JW: Training for the marathon distance started with reading a couple books by Hal Higdon and Bart Yasso. Both having long running and coaching careers. My initial training was all done on routes from my house solo. Staying motivated for long runs was a challenge and time consuming. Sunday mornings involved driving my route dropping water bottles and measuring the distance. In the beginning my runs were tracked with an old Timex Ironman watch that did not have GPS! I studied of training plans, talked with friends about training practices, and became a member Ozark Mountain Ridge Runners. Two years ago I became a certified running coach through the Road Runners Club of America. The knowledge gained here along with training other athletes has been priceless. Running is a very mental sport. Leading up to every race I spend time visualizing myself completing the event with a certain number on the clock. Absolutely amazing things can happen when the mind and body are in sync!
SFL: Who are your running support network / training group?
JW: Running support in Springfield is not hard to find. Whether you are new to the sport or pushing for a Boston qualifying time or even an OTQ for Olympic consideration. Most of the runners I train with now where found through connections made with OMRR, Fleet Feet training groups, and of course Springfield Brewing Company Athletics.
SFL: How many miles a week do you run on average?
JW: Average mileage per week averages 50, ranging from 40-75 depending on what I'm training for. I pride myself on being marathon ready always.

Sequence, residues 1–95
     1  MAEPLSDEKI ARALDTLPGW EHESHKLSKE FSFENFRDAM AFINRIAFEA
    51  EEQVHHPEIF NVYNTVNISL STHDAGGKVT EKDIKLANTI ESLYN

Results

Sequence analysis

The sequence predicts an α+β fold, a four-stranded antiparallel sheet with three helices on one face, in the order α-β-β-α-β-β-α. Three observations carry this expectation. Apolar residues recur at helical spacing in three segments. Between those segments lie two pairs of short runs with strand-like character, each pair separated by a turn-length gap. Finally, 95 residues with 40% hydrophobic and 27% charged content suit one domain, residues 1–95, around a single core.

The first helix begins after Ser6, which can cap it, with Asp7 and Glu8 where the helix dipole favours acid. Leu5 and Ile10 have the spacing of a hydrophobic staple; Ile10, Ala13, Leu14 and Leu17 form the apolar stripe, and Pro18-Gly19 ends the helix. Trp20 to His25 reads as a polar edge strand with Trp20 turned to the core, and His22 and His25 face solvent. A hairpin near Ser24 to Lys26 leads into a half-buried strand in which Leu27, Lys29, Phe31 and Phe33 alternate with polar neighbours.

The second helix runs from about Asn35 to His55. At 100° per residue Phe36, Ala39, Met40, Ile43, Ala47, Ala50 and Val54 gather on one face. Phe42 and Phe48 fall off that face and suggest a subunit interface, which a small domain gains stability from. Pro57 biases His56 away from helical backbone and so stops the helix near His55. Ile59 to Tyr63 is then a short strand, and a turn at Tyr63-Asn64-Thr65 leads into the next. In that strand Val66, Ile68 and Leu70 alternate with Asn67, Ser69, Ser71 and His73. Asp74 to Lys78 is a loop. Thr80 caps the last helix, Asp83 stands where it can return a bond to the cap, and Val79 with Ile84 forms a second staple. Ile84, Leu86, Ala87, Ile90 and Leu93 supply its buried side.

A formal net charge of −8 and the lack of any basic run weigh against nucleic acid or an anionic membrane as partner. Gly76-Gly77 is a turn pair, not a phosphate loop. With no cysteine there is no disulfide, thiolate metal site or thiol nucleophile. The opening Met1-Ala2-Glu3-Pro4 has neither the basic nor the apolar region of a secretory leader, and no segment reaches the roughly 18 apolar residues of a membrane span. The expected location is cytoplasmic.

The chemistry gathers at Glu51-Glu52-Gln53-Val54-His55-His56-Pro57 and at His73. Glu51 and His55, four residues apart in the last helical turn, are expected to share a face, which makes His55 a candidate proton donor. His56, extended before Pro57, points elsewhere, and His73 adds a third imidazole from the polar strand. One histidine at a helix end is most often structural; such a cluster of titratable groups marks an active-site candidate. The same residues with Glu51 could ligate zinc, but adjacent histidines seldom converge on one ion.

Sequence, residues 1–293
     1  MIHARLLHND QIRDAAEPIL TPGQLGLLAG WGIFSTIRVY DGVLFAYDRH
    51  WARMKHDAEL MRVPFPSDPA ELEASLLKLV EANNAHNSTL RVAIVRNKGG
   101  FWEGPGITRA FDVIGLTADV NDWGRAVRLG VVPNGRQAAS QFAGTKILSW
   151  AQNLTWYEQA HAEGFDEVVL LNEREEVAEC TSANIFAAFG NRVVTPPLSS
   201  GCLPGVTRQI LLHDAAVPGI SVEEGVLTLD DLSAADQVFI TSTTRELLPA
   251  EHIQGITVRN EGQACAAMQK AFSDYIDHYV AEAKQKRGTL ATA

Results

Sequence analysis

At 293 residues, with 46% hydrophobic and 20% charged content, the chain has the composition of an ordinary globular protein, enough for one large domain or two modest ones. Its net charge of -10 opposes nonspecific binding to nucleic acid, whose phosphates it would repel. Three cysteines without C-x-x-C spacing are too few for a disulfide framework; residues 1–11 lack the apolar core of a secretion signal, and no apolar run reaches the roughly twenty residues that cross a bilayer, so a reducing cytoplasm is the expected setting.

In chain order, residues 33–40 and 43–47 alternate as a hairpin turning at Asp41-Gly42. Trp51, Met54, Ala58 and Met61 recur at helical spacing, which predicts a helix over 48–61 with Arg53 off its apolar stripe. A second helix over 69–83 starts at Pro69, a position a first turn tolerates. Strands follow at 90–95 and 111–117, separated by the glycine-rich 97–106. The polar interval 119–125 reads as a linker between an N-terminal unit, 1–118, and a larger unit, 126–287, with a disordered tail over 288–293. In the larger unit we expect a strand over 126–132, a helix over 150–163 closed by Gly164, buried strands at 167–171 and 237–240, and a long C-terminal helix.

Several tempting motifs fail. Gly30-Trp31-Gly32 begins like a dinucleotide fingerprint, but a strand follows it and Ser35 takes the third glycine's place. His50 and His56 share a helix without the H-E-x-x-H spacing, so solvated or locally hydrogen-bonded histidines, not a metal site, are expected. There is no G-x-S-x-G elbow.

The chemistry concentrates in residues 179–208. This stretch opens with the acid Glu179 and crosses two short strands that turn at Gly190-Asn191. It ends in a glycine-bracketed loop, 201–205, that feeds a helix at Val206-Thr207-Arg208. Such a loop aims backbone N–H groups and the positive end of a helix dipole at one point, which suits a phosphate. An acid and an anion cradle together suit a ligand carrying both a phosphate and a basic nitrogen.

SFL: What do you like most about running long distances?
JW: The most enjoyable thing about running long is the bonds developed with training partners and other runners during an event. I complete nearly 100% of my long training runs with Amy Robbins, needless to say we have become close. We met at a group run and immediately fell into identical pace, really. Our foot falls matched and the conversations continue to flow after 6-7 years on the roads together.
SFL: What do you think about while running?
JW: I think about everything and nothing During some runs I empty my mind and on others I may fill it with to-do lists, conversation with friends, what I want to eat when I'm finished, do I have enough in my retirement account, where I'd like to take a non-running vacation. No two runs carry the same theme.
SFL: Do you have any rituals or superstitions?
JW: I used to put the timing chip on my left shoe for races. I always wear my bib number on my shorts for trail races. I must have coffee, bagels with peanut butter, and a banana on marathon morning.
SFL: What are your running PR's?